WARNING: This product contains nicotine. Nicotine is an addictive chemical. Our products are restricted to adults 21+ only.
Electronic cigarette trial at Auckland uni looking for volunteers
 <div class="col-xs-12 col-sm-12 col-md-12 col-lg-12 div_news_02"><p>
	5:00AM Thursday January 10, 2008<br />
	Smokers are being asked to test their habit with an electronic cigarette which delivers nicotine without the harmful effects of tobacco, in an Auckland University study.</p>
<p>
	Researchers from the Clinical Trials Research Unit at the university are calling for volunteers from the Auckland area for the trial.</p>
<p>
	The trial is one of two aimed at smokers that the university is undertaking.</p>
<p>
	The investigator on the trial, Dr Hayden McRobbie, said he hoped research would show if the e-cigarette might provide nicotine faster than available nicotine replacement treatments.</p>
<p>
	The e-cigarette is smoked like a normal cigarette, and even glows at the tip when inhaled. It delivers a measured dose of nicotine similar to other products such as patches and gum.</p>
<p>
	&quot;On the whole nicotine is not the dangerous element in tobacco smoke.</p>
<p>
	&quot;However, smokers miss the nicotine when they stop and they often experience nicotine withdrawal symptoms such as cravings.</p>
<p>
	&quot;By using a product like the e-cigarette nicotine is still delivered and so cravings and withdrawal symptoms are reduced.</p>
<p>
	&quot;The e-cigarette might be a good way to help people stop smoking as it addresses the habit of smoking while still providing nicotine but without the harmful substances in tobacco such as carbon monoxide and tar.&quot;</p>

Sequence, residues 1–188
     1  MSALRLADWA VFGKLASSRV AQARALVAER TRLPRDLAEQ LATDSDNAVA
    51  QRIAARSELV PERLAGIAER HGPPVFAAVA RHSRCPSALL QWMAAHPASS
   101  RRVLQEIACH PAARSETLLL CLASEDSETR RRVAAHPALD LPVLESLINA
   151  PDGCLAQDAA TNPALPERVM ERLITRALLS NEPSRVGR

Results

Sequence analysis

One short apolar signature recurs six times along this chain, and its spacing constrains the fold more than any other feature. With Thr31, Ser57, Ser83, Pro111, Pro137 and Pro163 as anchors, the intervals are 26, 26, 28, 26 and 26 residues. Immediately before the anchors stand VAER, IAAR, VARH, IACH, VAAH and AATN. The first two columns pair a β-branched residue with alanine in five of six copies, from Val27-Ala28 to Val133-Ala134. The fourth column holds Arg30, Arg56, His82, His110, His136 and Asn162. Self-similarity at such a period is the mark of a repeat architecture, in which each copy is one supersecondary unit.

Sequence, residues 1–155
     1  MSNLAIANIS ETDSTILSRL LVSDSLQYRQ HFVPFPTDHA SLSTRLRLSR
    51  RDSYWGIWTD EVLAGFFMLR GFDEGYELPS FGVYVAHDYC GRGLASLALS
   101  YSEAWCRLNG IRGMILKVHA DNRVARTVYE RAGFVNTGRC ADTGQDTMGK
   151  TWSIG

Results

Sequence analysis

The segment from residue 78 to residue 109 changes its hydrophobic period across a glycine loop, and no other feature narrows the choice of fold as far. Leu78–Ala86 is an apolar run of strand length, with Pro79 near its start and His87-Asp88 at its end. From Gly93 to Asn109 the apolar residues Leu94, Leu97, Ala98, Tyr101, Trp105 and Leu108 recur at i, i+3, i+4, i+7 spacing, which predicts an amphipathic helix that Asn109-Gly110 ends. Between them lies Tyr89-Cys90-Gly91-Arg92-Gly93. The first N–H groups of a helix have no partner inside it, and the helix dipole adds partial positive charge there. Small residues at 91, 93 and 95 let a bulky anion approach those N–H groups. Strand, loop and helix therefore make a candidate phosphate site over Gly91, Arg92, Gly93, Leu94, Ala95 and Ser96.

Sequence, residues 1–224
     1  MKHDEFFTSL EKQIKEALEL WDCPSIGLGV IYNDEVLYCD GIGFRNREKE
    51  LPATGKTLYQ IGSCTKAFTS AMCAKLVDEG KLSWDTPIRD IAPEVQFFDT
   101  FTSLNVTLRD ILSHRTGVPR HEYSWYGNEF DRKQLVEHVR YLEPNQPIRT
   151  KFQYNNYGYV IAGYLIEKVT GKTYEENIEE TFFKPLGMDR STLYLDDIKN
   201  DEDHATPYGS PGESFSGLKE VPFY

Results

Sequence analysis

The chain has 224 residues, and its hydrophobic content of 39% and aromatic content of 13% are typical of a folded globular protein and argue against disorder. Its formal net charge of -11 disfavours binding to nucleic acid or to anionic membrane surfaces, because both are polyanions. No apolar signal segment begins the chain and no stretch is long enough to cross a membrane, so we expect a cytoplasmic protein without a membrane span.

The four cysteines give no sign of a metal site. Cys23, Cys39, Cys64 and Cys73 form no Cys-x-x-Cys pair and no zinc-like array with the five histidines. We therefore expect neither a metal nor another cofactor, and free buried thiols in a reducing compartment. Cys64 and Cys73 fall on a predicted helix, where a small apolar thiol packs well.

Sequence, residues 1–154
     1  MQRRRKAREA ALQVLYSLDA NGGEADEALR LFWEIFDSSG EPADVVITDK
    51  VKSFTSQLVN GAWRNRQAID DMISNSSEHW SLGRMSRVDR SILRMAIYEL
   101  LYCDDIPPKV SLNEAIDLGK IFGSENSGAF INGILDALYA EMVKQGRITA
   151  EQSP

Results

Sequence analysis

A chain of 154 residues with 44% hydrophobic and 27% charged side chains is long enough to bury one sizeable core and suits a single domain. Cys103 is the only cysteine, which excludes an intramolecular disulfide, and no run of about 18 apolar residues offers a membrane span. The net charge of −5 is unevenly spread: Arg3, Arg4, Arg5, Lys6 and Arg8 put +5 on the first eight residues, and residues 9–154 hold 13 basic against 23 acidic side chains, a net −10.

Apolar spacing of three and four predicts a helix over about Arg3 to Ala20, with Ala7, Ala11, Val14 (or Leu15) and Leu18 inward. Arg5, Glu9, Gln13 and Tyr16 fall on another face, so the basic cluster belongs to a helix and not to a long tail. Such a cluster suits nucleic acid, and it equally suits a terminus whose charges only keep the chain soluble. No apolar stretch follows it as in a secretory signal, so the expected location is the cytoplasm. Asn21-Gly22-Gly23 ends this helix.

<p>
	Dr McRobbie said the trial was for the benefit of smokers.</p>
<p>
	&quot;We&#39;ve had enough of the finger-wagging.</p>
<p>
	&quot;At the moment the message is quit or die and we&#39;ve got to give people other ways of stopping smoking and other options.&quot;</p>
<p>
	It was not available in New Zealand, but the Hong Kong-made e-cigarette could be bought on the internet for about $200, he said.</p>
<p>
	The research team is looking for 50 Aucklanders over the age of 18, who smoke mainly factory-made cigarettes, to participate in the study which starts at the end of this month.</p>
<p>
	Dr McRobbie also wants smokers who want to quit for a study looking at changes to their voice as they quit.</p>
<p>
	&quot;Smoking kills around 4500 New Zealanders every year and causes damage to many parts of the body.</p>
<p>
	&quot;Most people are aware that smoking causes lung cancer, but less know that smoking can damage the organs such as the vocal cords, causing the vocal cords to become thick and boggy - resulting in a deeper voice.</p>
<p>
	&quot;By studying smokers&#39; voices as they quit, we hope to see whether this change is reversible.&quot;</p>
<p>
	If researchers detect a change in voice quality they may also be able to use technology to monitor the outcome of stop-smoking studies making it easier to test new ways to help smokers quit, he said.</p>
<p>
	<br />
	- NZPA</p>
<p>
	&nbsp;</p>
</div>
More news


1 2 3 10






 

This site uses cookies. By continuing to browse the site you are agreeing to our use of cookies. Read our private policy>

Web Statistics